Gym class ... the Last Frontier
I have the terrible habit of sleeping with the T.V. on.
It's okay if the last station is ESPN2. “Mike and Mike in the Morning” is not bad to wake up to. Many times however, it's infomercials. A couple of mornings ago I woke up tired, the station was selling exercise equipment all night. I got a subliminal workout I didn't want. Chuck Norris' “Total Gym,” caused me to wake up with both arms pulling down at my sides.
It made me think how many billion dollars adults spend on exercise and keeping in shape. How many health clubs are open across the country? How many products are made to workout for the home? It is mind boggling if you think about it. Then it hit me — what do we do for our kids?
I grew up in an era when P.E. or gym class was a staple in daily education. I don't count kindergarten, because all I can remember is nap time on the floor and eating cookies or glue. Physical education was a class you took every single day of your school life until you graduated from high school.
Everybody ran in elementary school. Even though our fourth grade teacher taught everything, I can still hear “keep running and keep outside the lines. No cheating.” Everybody had to do jumping jacks, squat thrusts, alternate toe touches, sit ups and push ups. The girls could do their push ups on their knees.
Once you were done with exercise, the boys played the sport of the season. The girls were great jump rope and hop-scotch artists all year.
Junior high meant a real P.E. teacher and a P.E. uniform everyday. “No excuses. Everybody in your uniform and your spot in five minutes” was a daily call. I now feel sorry for my junior high teachers. Twenty little boys that smelled like billy goats had to be tough to teach after P.E.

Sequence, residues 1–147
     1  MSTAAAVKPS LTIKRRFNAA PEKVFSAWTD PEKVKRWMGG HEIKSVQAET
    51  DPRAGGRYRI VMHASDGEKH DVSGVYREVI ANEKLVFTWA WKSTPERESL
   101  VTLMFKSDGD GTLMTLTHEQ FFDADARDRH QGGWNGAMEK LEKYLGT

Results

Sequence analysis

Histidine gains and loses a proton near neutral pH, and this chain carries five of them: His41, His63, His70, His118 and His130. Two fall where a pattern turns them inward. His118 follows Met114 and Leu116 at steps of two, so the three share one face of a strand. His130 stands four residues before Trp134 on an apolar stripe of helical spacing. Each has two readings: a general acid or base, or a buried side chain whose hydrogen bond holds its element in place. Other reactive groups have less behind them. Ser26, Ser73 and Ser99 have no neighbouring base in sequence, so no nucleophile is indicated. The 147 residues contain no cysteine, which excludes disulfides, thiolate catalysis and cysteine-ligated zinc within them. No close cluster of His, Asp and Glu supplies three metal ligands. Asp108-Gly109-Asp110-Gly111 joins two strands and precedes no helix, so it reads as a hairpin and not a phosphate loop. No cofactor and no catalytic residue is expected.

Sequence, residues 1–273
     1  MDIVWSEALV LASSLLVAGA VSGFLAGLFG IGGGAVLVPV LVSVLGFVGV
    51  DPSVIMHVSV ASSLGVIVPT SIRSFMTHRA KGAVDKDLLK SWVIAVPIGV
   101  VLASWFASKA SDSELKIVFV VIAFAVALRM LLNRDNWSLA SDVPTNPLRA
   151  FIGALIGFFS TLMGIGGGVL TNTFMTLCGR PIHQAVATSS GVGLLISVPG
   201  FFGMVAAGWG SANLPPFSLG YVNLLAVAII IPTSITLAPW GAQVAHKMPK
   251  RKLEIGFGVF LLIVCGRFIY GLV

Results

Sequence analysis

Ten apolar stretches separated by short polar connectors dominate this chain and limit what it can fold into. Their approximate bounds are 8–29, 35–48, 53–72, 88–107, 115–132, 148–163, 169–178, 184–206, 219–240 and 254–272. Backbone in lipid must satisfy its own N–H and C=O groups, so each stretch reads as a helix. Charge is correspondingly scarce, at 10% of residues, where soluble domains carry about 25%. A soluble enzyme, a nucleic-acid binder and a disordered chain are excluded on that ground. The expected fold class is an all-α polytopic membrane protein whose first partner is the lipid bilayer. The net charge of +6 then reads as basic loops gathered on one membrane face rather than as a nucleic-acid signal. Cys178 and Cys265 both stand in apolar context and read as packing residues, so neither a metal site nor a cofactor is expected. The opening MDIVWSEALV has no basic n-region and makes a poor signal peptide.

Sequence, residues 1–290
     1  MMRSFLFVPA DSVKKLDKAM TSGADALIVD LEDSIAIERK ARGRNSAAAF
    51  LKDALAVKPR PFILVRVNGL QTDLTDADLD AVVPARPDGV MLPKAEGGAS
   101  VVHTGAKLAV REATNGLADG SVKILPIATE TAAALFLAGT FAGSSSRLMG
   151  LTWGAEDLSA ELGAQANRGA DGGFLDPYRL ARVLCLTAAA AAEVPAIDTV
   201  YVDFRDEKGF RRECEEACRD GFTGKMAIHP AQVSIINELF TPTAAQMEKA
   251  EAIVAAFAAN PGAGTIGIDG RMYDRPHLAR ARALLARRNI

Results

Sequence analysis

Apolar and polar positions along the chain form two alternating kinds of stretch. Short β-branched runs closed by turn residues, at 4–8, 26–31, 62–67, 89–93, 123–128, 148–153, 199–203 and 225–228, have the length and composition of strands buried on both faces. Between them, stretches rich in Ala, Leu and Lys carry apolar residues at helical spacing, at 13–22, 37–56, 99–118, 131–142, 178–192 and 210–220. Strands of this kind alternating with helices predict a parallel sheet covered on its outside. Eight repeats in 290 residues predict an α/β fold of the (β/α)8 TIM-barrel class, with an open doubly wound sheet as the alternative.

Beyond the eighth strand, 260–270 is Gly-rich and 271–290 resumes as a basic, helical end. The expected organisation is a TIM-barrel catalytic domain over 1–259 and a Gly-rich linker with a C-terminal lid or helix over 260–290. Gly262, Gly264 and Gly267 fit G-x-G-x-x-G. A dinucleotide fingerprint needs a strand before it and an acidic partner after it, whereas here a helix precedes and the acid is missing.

Mandatory dress, mandatory shower, mandatory workout categorized high school P.E. No workout, fail P.E. and get in trouble. How cruel they were. We had to take P.E. whether you liked it or not.
That was long ago. Today the first things school districts cut or reduce are P.E., art and music. I guess a “healthy body makes a healthy mind” is kind of a modern day Aesop fable. I guess kids get strong and smarter by playing on a computer.
Can you believe the Federal government tells our kids what to eat at lunch time and even subsidizes it, but they wont make kids work out an hour a day at school? I think it's a secret conspiracy to have kids and young adults need Obamacare.
I've researched and read the reason school districts cut or reduce P.E.is because kids need more time for academics. I guess that means kids from generations past didn't get enough learning. I was feeling deprived until I saw that the highest national SAT scores occurred between 1967 and 1973. I'm sure some academician can give me five reasons why I'm wrong. I'm sure I had too much P.E. to figure it out.
I feel sorry for kids today. “All work and no play makes Jack a dull boy.” The solution to the problem is very simple. If you can't have kids take physical education, have subliminal infomercials on exercise pumped into the classroom so kids and learn and work out at the same time.
John Blabe is the former athletic director and football coach at Antelope Union High School. He can be reached at firstname.lastname@example.org.